Whilst some may think decaf is the best way to get your coffee fix without the added caffeine hit, like anything we consume, this all depends on where the product comes from and how it was processed.
Caffeine can be extracted from green coffee beans, simply by immersing them in water. Unfortunately, this process will also extract desirable oils, flavours and other solids from the bean resulting in less flavourful coffee. To overcome this problem, manufacturers will commonly use one of the following methods:
- Chemical Process #1 – Methylene Chloride
- Chemical Process #2 – Ethyl Acetate
- CO2 Process
- The Swiss Water Process
CHEMICAL PROCESS #1 – METHYLENE CHLORIDE (also called the European Process)
- Beans are soaked in near boiling water, extracting all of the caffeine, flavour and essential oils from the bean.
- The water is then separated from the beans into a separate tank. Here the water is treated with methylene chloride. Methylene chloride bonds to caffeine which makes it easier to remove from the water, leaving the essential flavours and oils behind.
- The original beans are then re-introduced to the remaining water, reabsorbing their flavour and oils that were originally eliminated.
More often than not, coffee lovers will usually pick decaffeinated blends that have been processed using this method based on the simple fact that it tastes better.
CHEMICAL PROCESS #2 – ETHYL ACETATE (also called Natural decaf)
- The coffee beans are first steamed for 30 minutes and then repeatedly rinsed with either dichloromethane or ethyl acetate for about 10 hours.
- The solvent is then drained away and the beans steamed for an additional 10 hours to remove residual solvent. This process removes the caffeine.
Sometimes coffees that are decaffeinated using ethyl acetate are referred to as “naturally processed” or “naturally decaffeinated” because ethyl acetate can be derived from various fruits or vegetables. HOWEVER, because of the impracticality of gathering natural ethyl acetate, the ethyl acetate used for decaffeination is usually synthetic. If in doubt, contact your manufacturer.
Pre-steamed beans are immersed in supercritical carbon dioxide (this is a liquid form of carbon dioxide – set between its gas form and solid form more commonly known as dry ice). This immersion takes places in a pressure chamber at 73 to 300 atmospheres. After a thorough soaking for around ten hours, the pressurised CO2 (containing the dissolved caffeine) is removed from the chamber which is returned to atmospheric pressure. The caffeine is removed from the CO2 using charcoal filters and the CO2 is recycled for use on another batch of beans.
THE SWISS WATER PROCESS
- Green beans are cleaned and hydrated with pure water preparing them for coffee extraction.
- Developers create a Green Coffee Extract (GCE) by soaking containers of Arabica coffee beans in water until the caffeine and other essential oils have been extracted into the water. The beans are removed and the residual water is then put through a carbon filter to capture the caffeine ONLY. What is left? GCE: water that is saturated with those all-important soluble coffee solids, oils and flavours, minus the caffeine.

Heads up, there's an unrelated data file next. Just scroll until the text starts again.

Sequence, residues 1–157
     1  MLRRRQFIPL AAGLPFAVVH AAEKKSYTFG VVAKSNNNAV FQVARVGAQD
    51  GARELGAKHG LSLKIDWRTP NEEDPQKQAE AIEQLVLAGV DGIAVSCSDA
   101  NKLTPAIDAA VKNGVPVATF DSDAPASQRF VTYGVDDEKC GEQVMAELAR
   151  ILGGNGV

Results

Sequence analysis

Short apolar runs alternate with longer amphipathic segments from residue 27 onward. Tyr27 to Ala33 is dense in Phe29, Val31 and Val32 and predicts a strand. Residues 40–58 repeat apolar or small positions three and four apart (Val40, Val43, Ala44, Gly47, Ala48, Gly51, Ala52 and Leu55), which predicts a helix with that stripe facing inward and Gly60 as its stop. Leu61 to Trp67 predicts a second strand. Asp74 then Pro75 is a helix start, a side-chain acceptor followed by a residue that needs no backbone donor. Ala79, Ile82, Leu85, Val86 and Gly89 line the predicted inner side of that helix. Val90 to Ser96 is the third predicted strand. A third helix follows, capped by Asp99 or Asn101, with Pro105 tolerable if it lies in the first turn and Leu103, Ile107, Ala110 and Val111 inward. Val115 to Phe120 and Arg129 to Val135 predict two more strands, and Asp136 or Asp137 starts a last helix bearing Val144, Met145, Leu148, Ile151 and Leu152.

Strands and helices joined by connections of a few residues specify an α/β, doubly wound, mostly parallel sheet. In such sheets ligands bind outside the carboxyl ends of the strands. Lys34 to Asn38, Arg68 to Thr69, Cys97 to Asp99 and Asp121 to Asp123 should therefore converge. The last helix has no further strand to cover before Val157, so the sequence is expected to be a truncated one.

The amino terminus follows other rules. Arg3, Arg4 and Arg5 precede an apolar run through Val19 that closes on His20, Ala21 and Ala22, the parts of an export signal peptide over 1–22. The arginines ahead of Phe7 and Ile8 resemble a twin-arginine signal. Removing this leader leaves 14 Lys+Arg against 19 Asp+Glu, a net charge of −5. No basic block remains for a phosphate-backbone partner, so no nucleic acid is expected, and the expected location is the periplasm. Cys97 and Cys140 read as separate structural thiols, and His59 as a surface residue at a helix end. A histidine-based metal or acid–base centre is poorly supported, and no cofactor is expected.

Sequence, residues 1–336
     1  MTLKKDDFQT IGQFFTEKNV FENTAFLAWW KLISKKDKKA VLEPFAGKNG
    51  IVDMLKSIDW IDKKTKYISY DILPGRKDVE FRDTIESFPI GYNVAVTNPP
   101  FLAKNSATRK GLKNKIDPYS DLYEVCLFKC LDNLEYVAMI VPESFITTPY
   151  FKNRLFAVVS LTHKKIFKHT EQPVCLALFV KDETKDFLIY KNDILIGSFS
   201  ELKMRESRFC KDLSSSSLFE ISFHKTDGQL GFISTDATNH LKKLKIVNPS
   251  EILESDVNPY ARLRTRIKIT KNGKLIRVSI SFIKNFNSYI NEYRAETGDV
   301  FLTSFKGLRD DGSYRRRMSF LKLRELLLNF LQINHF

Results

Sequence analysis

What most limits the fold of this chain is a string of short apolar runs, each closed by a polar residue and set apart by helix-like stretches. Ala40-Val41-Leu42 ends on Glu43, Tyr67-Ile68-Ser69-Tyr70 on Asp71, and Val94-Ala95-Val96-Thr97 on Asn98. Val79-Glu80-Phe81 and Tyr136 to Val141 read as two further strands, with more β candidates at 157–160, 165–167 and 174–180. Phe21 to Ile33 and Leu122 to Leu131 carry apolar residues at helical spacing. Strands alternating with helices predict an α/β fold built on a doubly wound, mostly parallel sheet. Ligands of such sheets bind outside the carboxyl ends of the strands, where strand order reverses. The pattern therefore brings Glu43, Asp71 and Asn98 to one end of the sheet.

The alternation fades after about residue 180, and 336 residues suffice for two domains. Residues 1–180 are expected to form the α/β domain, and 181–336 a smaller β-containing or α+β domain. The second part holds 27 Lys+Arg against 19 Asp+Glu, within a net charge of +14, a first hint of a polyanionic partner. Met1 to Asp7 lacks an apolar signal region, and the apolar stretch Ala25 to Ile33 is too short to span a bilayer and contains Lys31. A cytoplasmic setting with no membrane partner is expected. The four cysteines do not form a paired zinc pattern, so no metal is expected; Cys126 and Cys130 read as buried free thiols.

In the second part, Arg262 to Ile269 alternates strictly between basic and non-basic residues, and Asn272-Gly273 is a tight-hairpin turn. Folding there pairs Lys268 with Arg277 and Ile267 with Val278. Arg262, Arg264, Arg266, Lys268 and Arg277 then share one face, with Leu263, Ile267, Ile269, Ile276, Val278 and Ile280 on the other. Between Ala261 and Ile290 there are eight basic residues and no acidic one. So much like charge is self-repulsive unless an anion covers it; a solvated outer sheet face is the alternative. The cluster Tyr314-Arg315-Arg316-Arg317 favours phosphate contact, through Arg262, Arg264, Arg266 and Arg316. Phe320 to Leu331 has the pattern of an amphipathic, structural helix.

- Cleaned and hydrated green coffee beans (step 1) are then placed in the GCE and left to soak under strict conditions (critical to the success of this process).
- The beans are then later filtered until beans are 99.9% caffeine free. This process takes 8 to 10 hours.
- After the beans are decaffeinated, they are removed from the holding tanks, dried, bagged, tagged, and ready to be roasted.This process is 100% chemical free, water decaffeination process.
From a quick Google search, the following companies (use the Swiss Water method to produce their decaffeinated coffee:
- NoEgo Coffee (my fave – organic too!)
- Sensory Lab
- Campos Coffee
There are a number of other companies that use this process, google your favourite bean and search for decaf.
NOTE: Although many leading brands state they use a “natural water method” they do not necessarily use the Swiss Method, rather the CO2 method mentioned above. The Swiss Water Method is the most natural and chemical free process available, it is a great marketing tool and as such, if a company uses this method, they will clearly state it on their website and packaging. In my opinion, my research suggests that by describing their decaf method as the “natural water method”, these companies are using the CO2 method whilst wanting to jump on “Swiss Water Method” bandwagon.
All good baristas will know whether or not their decaf coffee is produced using the Swiss Water method, so if you are ever in doubt, just ask.
Don’t forget, coffee is a heavily sprayed crop, so drinking organic coffee will help reduce your exposure to toxic herbicides, pesticides, and fertilisers. If you want to go a step further, look for fair-trade certified coffee, which means the coffee farmers have been paid fairly and treated well.
All caffeine should be consumed in moderation 😉